The path between point A and point B is not always an exciting one, but as we get to know Ania Iwinska, better known to the electronic music world as Anii, chasing what moves you and not being afraid to trek the world outside your comfort zone make for a dynamic, maybe bumpy, possibly breathtaking, ride. Shortly after landing a much-coveted spot on Kompakt label’s Total 18 Compilation, and right before the release of her highly-anticipated return on Polymath, the Point Blank alum sits with Torture the Artist in full composure and talks about the past, present, and future, and how she manages to keep her momentum in the ever-changing currents of the music scene. In a world with very little room for error, Anii challenges the concept of ‘wrong’, and by staying true to her roots, and following her intuition – her fears and desire – establishes an artistic aura, style and equilibrium that seem to be able to stand the test of time. Catch Torture the Artist attempt to let the Polish-born Londoner take some heat, and watch her graceful execution, from tackling some hard questions with no sweat to waltzing her way out into the other side of ‘Fear’ by way of smooth strings cosseted in a labyrinth of synergetic percussions: the exclusive premiere of ‘Desire.’
Torture the Artist: Hello Anii! Or do you prefer to be called Ania? Can you tell us where you are sitting as we chat, and how your day has gone so far. How did you start your day and is this a typical Tuesday?
Anii: Anii is doing well thanks. I am at my house at the moment and just finished up my morning yoga, so my day has started well and the right way. I always make sure that I do some sort of exercise every morning to boost energy levels and it’s also very important for mental and physical health.
Torture the Artist: Can you tell us about the last gig you played? In which club and how were the vibes?
Anii: Hmm the last gig I played was in London, and it was an amazing club which had very much a warehouse vibe and atmosphere called Studio 9295. It’s always really nice to be able to play in the city that I call home, and London still has one of the best underground scenes. There are a lot of new venues popping up, including this one.
Torture the Artist: Speaking of gigs, do you often find that they teach you anything to enhance your skills as an artist. What was one of the most eye-opening DJ sets you played?
Anii: Every single set is different and its always a new experience for me. I think so far, one of the best that I had was a festival in Georgia called ‘4 GB’ – the vibe of the people there actually changed the way I look at parties. So far there has been nothing like that one in terms of the vibe, and atmosphere. The venue was epic, an old UFO research facility – kinda crazy when I talk about it now! But it was just out of this world.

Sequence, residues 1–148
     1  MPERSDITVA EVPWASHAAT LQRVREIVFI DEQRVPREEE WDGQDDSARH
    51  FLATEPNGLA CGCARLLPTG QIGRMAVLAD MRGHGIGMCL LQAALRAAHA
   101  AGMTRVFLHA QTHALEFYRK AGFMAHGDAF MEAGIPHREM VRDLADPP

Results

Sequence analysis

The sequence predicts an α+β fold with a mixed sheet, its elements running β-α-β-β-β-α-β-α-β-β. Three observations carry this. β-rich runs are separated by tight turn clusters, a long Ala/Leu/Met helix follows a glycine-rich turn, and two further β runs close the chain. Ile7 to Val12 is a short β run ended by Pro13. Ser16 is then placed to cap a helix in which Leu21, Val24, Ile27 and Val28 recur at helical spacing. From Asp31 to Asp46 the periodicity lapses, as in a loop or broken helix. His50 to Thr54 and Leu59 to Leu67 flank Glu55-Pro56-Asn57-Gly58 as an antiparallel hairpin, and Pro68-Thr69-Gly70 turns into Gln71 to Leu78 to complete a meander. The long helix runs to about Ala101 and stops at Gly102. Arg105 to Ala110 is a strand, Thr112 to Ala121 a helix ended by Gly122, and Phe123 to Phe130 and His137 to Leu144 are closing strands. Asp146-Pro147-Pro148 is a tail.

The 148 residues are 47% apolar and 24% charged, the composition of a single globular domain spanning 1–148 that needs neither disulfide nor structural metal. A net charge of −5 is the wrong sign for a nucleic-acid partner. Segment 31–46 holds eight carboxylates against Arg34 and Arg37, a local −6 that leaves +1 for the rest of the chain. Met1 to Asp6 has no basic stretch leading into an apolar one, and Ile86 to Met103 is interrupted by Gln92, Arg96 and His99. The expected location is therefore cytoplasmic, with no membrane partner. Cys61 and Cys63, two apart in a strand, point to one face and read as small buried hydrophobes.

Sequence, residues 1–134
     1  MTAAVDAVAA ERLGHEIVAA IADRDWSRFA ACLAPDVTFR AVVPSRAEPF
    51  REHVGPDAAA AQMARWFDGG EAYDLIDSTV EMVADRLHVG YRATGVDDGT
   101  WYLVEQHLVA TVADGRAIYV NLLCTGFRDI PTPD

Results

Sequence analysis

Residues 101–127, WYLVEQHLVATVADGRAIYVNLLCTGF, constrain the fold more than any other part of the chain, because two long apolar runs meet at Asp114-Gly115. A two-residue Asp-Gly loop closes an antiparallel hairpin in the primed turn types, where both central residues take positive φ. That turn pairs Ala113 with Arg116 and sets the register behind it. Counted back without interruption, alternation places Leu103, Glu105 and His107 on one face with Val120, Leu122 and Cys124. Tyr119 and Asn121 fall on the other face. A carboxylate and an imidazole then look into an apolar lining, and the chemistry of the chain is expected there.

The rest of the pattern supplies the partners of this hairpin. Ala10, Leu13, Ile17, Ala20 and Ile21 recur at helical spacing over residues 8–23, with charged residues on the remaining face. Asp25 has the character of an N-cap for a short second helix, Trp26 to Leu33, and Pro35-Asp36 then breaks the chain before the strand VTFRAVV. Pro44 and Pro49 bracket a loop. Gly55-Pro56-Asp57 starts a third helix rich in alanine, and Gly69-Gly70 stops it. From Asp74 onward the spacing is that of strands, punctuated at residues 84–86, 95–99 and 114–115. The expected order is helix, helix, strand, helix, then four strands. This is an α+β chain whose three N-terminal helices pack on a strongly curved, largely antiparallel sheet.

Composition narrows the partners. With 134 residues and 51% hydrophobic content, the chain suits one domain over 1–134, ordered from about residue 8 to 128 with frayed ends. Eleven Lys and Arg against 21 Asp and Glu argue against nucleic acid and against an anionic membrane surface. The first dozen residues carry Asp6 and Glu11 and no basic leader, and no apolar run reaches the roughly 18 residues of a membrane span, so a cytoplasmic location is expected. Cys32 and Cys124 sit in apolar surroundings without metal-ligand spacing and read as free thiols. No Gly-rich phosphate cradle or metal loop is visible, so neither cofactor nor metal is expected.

Torture the Artist: Your recent release on Kompakt, ‘Korzenie’ exposes your Polish roots, and beautifully so we must say. Can you tell us a little bit about your hometown and how you found your way into music growing up in it?
Anii: I’m from city called Bydgoszczy, which is very industrial and really doesn’t have a lot to do. When they first opened up a club there I used to sneak out and go behind my parents back. I soon got dragged into the whole clubbing culture very easily and I loved it. Besides that, the scene was so small there, but we enjoyed what we had and made the most of it. I cant really say what it’s like now, as I haven’t been back for a while, but I am sure there have been positive changes to its nightlife.
I used to play all his old cassette tapes and dance mad around the house when no one was watching.
Torture the Artist: At what age did you realize that you and music are in it for the long haul? How did your family feel about it? Were they generally supportive of your passion?
Anii: It was from a young age. My dad loves music, and always has. I used to play all his old cassette tapes and dance mad around the house when no one was watching. I also learned the little piano and keyboard when I was younger and was continuously surrounded by music. My family is supportive with the career that I have chosen, and that makes me happy.
Torture the Artist: Can you name a track that best depicts the vibe in your hometown? What are some of your favorite meals in Bydgoszcz?
Anii: I haven’t been back in a long time, so it’s hard to choose a track as things change and it’s been a while. But as for meals, that I can suggest! I would have to say you need to get a cake from a local bakery called ‘Sowa’, it’s based in Bydgoszcz and they make the best cakes in the world! My mouth is watering just thinking about it!